Request a lump sum

If you’re aged 55 or above you can take out some of your pension by requesting a lump sum withdrawal however the result of this that you’ll have a reduced pension income from whatever is left.

Buy an annuity

One way to ensure you receive a regular income, similar to a salary for life, is to buy an annuity. Again this is only an option when you reach the age of 55 but it allows you to make the most of your pension but spreading it out into equal payments throughout each year.

Drawdown your final salary pension that’s frozen

Again, if you’re aged 55 and over, a drawdown is a favourable option for some. It means you can take out as little or as much as you need whenever you want to, and then leave the rest for investments.

Will it be safe if I don’t do anything?

Final salary pensions are considered safe pensions because you’re guaranteed a set amount, (as explained earlier in this article, this is fixed by how long you’ve worked and how much you earned). This means that from the time the pension becomes dormant, until you reach your retirement date, the amount of pension probably won’t decrease in value, and it may even go up.

However it’s still advisable that you stay informed about it. Ask your previous employer or the pension company for your final statement, this will show you how much you may receive.

Where can I get further advice?

The government recommends that when you get pensions advice, it should be from a regulated pensions advisor.

The experts we work with are all regulated pensions advisors, simply call us on 0808 189 0463 or make an enquiry here. We work with credited advisors who understand the pensions market.

So sit back and let us do all the hard work in finding the pension advisor with the right expertise for your circumstances.  We don’t charge a fee and there’s absolutely no obligation.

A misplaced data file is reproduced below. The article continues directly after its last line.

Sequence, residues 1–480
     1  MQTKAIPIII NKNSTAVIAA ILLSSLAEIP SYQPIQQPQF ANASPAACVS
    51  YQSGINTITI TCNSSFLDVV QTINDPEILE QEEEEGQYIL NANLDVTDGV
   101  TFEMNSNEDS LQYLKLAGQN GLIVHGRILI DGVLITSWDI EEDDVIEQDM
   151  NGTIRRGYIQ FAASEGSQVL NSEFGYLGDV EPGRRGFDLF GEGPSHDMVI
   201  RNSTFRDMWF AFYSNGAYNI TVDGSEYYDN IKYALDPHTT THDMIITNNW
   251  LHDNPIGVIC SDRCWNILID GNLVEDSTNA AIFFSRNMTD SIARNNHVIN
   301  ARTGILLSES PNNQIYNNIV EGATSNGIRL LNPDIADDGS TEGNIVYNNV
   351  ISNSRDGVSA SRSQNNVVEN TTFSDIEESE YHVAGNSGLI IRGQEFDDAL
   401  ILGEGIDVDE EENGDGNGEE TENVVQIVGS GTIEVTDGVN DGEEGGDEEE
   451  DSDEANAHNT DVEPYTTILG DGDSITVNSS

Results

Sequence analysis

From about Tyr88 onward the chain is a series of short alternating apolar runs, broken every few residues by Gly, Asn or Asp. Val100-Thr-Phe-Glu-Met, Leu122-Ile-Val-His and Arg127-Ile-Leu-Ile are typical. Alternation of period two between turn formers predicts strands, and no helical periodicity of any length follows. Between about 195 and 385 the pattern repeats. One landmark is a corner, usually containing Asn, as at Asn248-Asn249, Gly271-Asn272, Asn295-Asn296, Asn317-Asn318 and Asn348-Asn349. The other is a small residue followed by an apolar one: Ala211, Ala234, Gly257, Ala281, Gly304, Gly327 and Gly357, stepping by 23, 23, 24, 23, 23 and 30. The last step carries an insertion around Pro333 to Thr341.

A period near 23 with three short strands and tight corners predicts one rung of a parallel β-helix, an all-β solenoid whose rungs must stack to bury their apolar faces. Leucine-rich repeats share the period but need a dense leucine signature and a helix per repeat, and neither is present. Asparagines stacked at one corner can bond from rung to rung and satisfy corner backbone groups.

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We can help! We know everyone's circumstances are different, that's why we work with brokers who are experts in pensions Ask us a question and we'll get the best expert to help.

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Tony Stevens

Tony Stevens

Finance Expert

About the author

Tony has worked in a vastly diverse array of areas in the pensions industry for over 20 years. Tony regularly writes for trade press, usually on topical and pensions pieces as well as acting as a judge at prestigious national events.

Tony is also a highly qualified Independent Financial Adviser in his own right. His mantra has always been “Hope for the best, but plan for the worst”, and believes that the biggest impact that an adviser can have on a client’s life journey is to take them on a journey from generally having little or no real idea of what their retirement will look like, to giving them the understanding of what their retirement looks like now, then helping them navigate a path to what they want their retirement to be.